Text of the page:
// We are restricting our type-level option to
// only (potentially) hold subtypes of `Type`.
sealed trait IsTyped
sealed trait Untyped extends IsTyped
sealed trait Typed[T <: Type] extends IsTyped

Next, we lay out our type system hierarchy:

sealed trait Type

// We can create complicated subhierarchies if we want.
sealed trait SimpleType extends Type
sealed trait CompoundType extends Type

sealed trait PrimitiveType extends Type
sealed trait UserType extends Type

// Declaring our types.
case object IntType extends SimpleType with PrimitiveType

case object BoolType extends SimpleType with PrimitiveType

// A type with unbounded attributes.
case class ClassType(classId: String) extends CompoundType with UserType

// A type that depends statically on another type.
case class ArrayType(elemType: Type) extends CompoundType with PrimitiveType

Now, all that's left is to declare our expression tree:

sealed trait Expr[IT <: IsTyped] { val getType: Option[Type] }

// Our actual expression types.
case class Var[IT <: IsTyped](id: String, override val getType: Option[Type] = None) extends Expr[IT]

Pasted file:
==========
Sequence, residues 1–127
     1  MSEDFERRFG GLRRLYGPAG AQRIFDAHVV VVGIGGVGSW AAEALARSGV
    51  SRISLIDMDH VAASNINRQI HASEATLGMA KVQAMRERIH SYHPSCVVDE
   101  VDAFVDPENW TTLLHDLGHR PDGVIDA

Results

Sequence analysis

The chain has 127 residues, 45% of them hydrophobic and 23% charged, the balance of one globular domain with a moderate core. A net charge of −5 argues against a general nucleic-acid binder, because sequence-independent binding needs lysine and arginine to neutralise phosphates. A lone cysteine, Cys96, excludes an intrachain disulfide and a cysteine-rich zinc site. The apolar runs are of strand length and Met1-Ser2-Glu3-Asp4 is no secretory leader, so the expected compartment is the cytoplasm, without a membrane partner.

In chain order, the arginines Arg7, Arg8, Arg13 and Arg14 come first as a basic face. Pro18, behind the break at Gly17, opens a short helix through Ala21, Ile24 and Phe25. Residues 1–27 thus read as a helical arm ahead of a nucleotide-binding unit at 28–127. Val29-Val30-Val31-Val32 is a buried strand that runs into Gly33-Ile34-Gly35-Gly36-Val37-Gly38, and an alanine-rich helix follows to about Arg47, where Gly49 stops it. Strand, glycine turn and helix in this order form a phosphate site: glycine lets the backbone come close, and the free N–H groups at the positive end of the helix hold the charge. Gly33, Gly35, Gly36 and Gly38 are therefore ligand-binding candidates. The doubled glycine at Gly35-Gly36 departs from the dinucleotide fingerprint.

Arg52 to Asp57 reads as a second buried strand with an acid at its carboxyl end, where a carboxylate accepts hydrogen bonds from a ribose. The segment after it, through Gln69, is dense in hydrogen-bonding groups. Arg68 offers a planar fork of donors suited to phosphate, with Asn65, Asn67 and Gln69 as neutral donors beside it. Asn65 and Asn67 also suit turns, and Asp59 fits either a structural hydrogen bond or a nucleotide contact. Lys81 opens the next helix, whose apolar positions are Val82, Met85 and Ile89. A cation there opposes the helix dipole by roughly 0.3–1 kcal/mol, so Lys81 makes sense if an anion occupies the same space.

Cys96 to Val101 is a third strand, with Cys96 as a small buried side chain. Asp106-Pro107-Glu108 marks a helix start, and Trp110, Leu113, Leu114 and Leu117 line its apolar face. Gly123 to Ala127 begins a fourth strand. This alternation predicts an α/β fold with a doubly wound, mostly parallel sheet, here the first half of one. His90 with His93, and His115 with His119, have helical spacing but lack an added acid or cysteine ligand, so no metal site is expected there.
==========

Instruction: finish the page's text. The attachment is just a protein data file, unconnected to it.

case class Plus[IT <: IsTyped](l: Expr[IT], r: Expr[IT], override val getType: Option[Type] = None) extends Expr[IT]

case class Equals[IT <: IsTyped](l: Expr[IT], r: Expr[IT], override val getType: Option[Type] = None) extends Expr[IT]

case class ArrayLiteral[IT](elems: List[Expr[_ :< IsTyped]], override val getType: Option[Type] = None) extends Expr[IT]


A simple but complete type-checking function:

def typeCheck(expr: Expr[Untyped], env: Map[String, Type]): Option[Expr[Typed[_ :< Type]]] = expr match {
  case Var(id, None) if env isDefinedAt id => Var[Typed[_ <: Type]](id, Some(env(id)))
  case Plus(r, l, None) => for {
      lt <- typeCheck(l, env)
      IntType <- lt.getType
      rt <- typeCheck(r, env)
      IntType <- rt.getType
    } yield Plus[Typed[IntType]](lt, rt, Some(IntType))
  case Equals(r, l, None) => for {
      lt <- typeCheck(l, env)
      lType <- lt.getType
      rt <- typeCheck(r, env)
      rType <- rt.getType
      if rType == lType